4/8/2022 12:00:00 AM

Market Watch Episode 65: What is an inverted yield curve and does it mean a recession is coming

If you've been scanning financial news lately you might have seen headlines warning that the US Treasury yield curve has inverted - something that traditionally means a recession is on its way.

But what exactly is an inverted yield curve, how good a predictor of recession is it, and could it be wrong this time?

The yield curve "is the shape of interest rates" plotted on a graph, says Pie Funds chief executive Mike Taylor.

It should normally be a curve that is rising to the right of a graph, indicating that yields are higher for bonds that are held for longer terms.

If you think about the interest on term deposits, for example, banks offer a higher rate of return the longer you are prepared to lock into a fixed term.

The inversion means that shorter-term rates (like those for two-year treasuries) are higher than the longer-term rates, said Taylor.

In other words, bond investors get paid more to hold shorter-term US government debt than they do for holding it for a longer term.

"We get that because we have central banks trying to curb inflation, or slow an economy down, by putting up shorter-term rates, said Taylor.

"But then we have markets going: well, actually I'm not so sure about this, maybe this is going to lead to a recession, so the longer-term rates come down and then you get this inversion."

So the inversion is broadly a sign of pessimism about the long-term outlook for an economy.

"It seems to be that the inversion of the yield curve, has been a very good predictor of economic recessions, for the last 60 or 70 years," Taylor said.

According to US Federal Reserve research, an inverted yield curve has preceded all nine US recessions between 1955 and 2019, with a lag time ranging from six months to two years.

Last week the US 2-year Treasury yields and 10-year yields inverted for the first time since 2019.

That means the interest rate on the 2-year note was higher than that on the 10-year note.

How worried should we be about that?

"Some commentators are saying that we shouldn't put as much emphasis on the yield curve as we used to," Taylor said.

"Because since Covid there's been so much distortion to interest rates by the Federal Reserve that maybe it doesn't mean what it used to mean."

But there's still enough people paying attention to it that it can't be ignored, Taylor said.

While a recession in the next six months to two years was plausible, it didn't mean markets were due for a big sell-off, he said.

"Sometimes markets move ahead of a recession. It could be a mild bear market [a fall of more than 20 per cent]. We've already lived through a bear market on the Nasdaq in the last four months."

There were a lot of other factors that would influence equity prices, he said.

Most markets had moved in to correction territory [off by at least 10 per cent] in the first few months of the year, but the past couple of weeks had seen stocks rally.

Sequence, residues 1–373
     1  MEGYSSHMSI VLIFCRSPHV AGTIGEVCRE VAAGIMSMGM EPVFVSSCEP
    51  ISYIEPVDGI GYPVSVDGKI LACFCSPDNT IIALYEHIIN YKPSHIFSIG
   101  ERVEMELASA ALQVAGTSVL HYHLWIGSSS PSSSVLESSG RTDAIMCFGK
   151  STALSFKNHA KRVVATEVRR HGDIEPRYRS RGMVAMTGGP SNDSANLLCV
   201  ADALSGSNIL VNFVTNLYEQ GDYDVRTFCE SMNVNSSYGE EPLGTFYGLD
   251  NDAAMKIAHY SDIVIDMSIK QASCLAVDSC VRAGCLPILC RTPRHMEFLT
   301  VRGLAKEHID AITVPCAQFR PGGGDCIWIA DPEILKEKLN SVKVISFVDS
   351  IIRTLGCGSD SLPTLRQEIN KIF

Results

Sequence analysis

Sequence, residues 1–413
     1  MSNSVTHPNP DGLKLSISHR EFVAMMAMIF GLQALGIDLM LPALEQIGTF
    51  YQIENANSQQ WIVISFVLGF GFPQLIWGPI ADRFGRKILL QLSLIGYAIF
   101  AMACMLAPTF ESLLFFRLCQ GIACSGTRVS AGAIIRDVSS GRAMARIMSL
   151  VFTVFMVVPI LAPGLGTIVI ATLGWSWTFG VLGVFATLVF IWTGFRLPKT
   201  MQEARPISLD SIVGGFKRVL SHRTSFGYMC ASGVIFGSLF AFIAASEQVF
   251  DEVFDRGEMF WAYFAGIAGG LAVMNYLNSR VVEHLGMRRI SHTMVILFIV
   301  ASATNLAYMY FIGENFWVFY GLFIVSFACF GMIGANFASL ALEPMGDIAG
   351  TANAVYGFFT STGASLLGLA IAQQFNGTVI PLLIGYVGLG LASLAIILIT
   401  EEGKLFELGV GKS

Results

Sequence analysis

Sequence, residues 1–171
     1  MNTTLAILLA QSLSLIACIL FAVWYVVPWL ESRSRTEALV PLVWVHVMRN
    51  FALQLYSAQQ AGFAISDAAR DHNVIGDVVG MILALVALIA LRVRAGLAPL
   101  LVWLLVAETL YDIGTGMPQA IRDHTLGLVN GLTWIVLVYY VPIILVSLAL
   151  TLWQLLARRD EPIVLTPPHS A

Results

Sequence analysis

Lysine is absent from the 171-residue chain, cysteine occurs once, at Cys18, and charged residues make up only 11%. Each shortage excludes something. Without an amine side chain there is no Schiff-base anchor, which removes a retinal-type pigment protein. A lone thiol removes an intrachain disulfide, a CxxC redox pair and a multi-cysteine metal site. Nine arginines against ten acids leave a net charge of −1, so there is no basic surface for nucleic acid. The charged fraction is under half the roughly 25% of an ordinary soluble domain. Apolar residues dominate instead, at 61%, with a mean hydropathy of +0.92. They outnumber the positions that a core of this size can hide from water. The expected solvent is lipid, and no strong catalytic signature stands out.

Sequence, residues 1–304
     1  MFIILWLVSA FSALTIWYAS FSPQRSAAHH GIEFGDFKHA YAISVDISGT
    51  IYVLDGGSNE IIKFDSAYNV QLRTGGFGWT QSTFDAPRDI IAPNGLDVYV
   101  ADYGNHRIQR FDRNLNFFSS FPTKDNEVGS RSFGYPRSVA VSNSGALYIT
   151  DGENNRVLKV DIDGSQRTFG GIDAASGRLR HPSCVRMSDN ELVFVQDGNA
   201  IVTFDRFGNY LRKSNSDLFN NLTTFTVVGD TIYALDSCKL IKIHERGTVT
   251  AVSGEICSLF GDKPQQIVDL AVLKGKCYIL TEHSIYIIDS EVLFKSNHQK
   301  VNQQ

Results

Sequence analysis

One reason for that was the initial shock of the war in Ukraine had been priced in.

"That's historically what tended to happen with conflicts around the world," Taylor said.

The second thing was that some of the fear about rising interest rates had abated as the US Federal Reserve delivered its first hike and laid out the path for further hikes.

"It was almost as if the fear of it was worse than the reality of it."

But there were still risks on the horizon, he said.

The situation with Covid in China had the potential to extend supply disruption and push inflation higher.

That could mean central banks having to push harder with more rate hikes that planned.

- The Market Watch video series is produced in association with Pie Funds. View the original article here.

Information is current as at 6 April 2022. Pie Funds Management Limited is the manager of the funds in the Pie Funds Management Scheme. Any advice is given by Pie Funds Management Limited and is general only. Our advice relates only to the specific financial products mentioned and does not account?for personal circumstances or financial goals. Please see a financial adviser for tailored advice.?You may have to pay product or other fees, like brokerage, if you act on any advice.?As manager of the Pie Funds Management Scheme investment fundswe receive fees determined by your balance and we benefit financially if you invest in our products.?We manage this conflict of interest via an internal?compliance framework designed?to help us meet our duties to you.?For information about how we can help you, our duties and complaint process and how disputes can be resolved, or to see our product disclosure statement, please visit www.piefunds.co.nzPlease let us know if you would like a hard copy of this disclosure information.